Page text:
The new high-level crossing of the Macquarie River at River Street will deliver improved safety, better access and keep communities connected during flood events, with the Submissions Report and refined design now released.
Member for Dubbo Dugald Saunders said there had been a number of changes to the design following community consultation to ensure the project responded to the needs of the local community.
“After carefully considering and responding to every one of the 310 submissions from the community consultation on the New Dubbo Bridge project, we have refined the design,” Mr Saunders said.
“We’ve increased the speed limit, introduced a dedicated northbound slip lane onto Bourke Street and improved pedestrian and cycle safety.”
Mr Saunders said the new bridge would support local emergency services and local businesses during natural disasters.
“The new Dubbo Bridge is primarily about keeping our community connected during a one in 50 year flood event, but would also support everyday motorists by providing a third river crossing to the north of the CBD,” Mr Saunders said.
“In 2010, we saw our local community essentially cut in half, with emergency services unable to quickly and easily get across town, leaving people stranded during the times they needed help the most.”
Dubbo Chamber of Commerce president Matt Wright said the bridge would help avoid situations similar to the 2010 Macquarie River flood, which resulted in millions being ripped out of the Dubbo business community.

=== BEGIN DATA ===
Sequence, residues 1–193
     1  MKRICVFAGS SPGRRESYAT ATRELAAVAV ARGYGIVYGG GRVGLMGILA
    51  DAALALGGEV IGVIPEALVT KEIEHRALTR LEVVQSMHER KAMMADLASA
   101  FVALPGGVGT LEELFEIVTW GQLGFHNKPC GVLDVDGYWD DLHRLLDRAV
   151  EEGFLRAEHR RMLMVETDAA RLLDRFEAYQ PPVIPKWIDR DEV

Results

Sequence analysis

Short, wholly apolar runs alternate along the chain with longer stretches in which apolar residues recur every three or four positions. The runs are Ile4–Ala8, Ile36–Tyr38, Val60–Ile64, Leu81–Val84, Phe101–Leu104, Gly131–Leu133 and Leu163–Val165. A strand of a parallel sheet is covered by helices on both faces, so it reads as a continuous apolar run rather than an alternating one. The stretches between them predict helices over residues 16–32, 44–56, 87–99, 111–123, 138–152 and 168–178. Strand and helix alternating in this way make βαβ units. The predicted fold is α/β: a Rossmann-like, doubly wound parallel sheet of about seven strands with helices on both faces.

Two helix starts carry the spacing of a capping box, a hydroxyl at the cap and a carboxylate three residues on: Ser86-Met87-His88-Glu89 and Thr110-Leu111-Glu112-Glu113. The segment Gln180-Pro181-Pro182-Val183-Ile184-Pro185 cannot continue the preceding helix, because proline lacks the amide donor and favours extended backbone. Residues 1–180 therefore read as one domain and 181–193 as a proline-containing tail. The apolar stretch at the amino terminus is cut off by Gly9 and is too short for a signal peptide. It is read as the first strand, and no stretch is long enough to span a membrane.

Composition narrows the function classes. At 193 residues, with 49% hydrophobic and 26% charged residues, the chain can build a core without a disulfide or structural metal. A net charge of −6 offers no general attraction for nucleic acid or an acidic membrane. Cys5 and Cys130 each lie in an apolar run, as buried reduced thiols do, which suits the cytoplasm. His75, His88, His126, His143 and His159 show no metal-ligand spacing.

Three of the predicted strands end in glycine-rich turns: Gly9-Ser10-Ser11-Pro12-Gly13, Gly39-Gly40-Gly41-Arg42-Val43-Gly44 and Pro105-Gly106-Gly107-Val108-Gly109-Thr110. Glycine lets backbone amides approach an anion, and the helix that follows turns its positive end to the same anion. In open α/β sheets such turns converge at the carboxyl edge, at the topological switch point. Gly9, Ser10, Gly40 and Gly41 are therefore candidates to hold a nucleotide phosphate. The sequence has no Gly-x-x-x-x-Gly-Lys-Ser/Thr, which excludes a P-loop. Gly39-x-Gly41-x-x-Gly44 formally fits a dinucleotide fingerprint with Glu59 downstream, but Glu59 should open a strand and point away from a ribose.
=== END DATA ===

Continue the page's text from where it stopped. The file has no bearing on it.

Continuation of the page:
“We can’t afford to have that situation arise again. While Macquarie Street businesses were impacted by the floodwaters, people avoided the wider CBD simply because it was too hard to access,” Mr Wright said.
“Having a second crossing close to town at River Street, which will allow people to come back into the business precinct in times of flood and provides better access to the growing North Dubbo area, is something the Chamber supports.”
Dubbo City Toyota dealer principal David Hayes said the New Dubbo Bridge project would support local businesses.
“Our business sits right on the route where the bridge will link to Bourke Street,” Mr Hayes said.
“If I didn’t believe the project was a good one I would fear for the future, but I’m of the opposite belief. We’re actually spending a lot of money on expanding and diversifying our dealership.
“The bridge will also help relieve congestion in Dubbo, which is a growing city, and that is terrific for the city as a whole. Having another high-level bridge and a widened intersection with lights on Bourke Street is a great move and I support it.”
Mr Saunders said the River Street Bridge would do more than solve traffic and business issues.
“From a health perspective, having a high level bridge running into River Street will provide easy access for emergency service vehicles in and out of the hospital precinct,” he said.
“In the medical profession, time is critical. We can’t afford to have ambulances delayed getting to patients, or getting to the hospital, because there is a logjam trying to get from one side of the city to the other.
“This is especially important in times when the low-level Serisier Bridge is closed, when the LH Ford Bridge is the only way to get from West Dubbo to East Dubbo, or vice versa.”
Once a detailed design is determined, the team will call for tenders to build the bridge, with shovels expected to hit the ground in 2022. As the project progresses, Transport for NSW will continue to consult the local community. Local residents and interested parties are encouraged to view the Submissions Report and consultation reports at nswroads.work/dubbo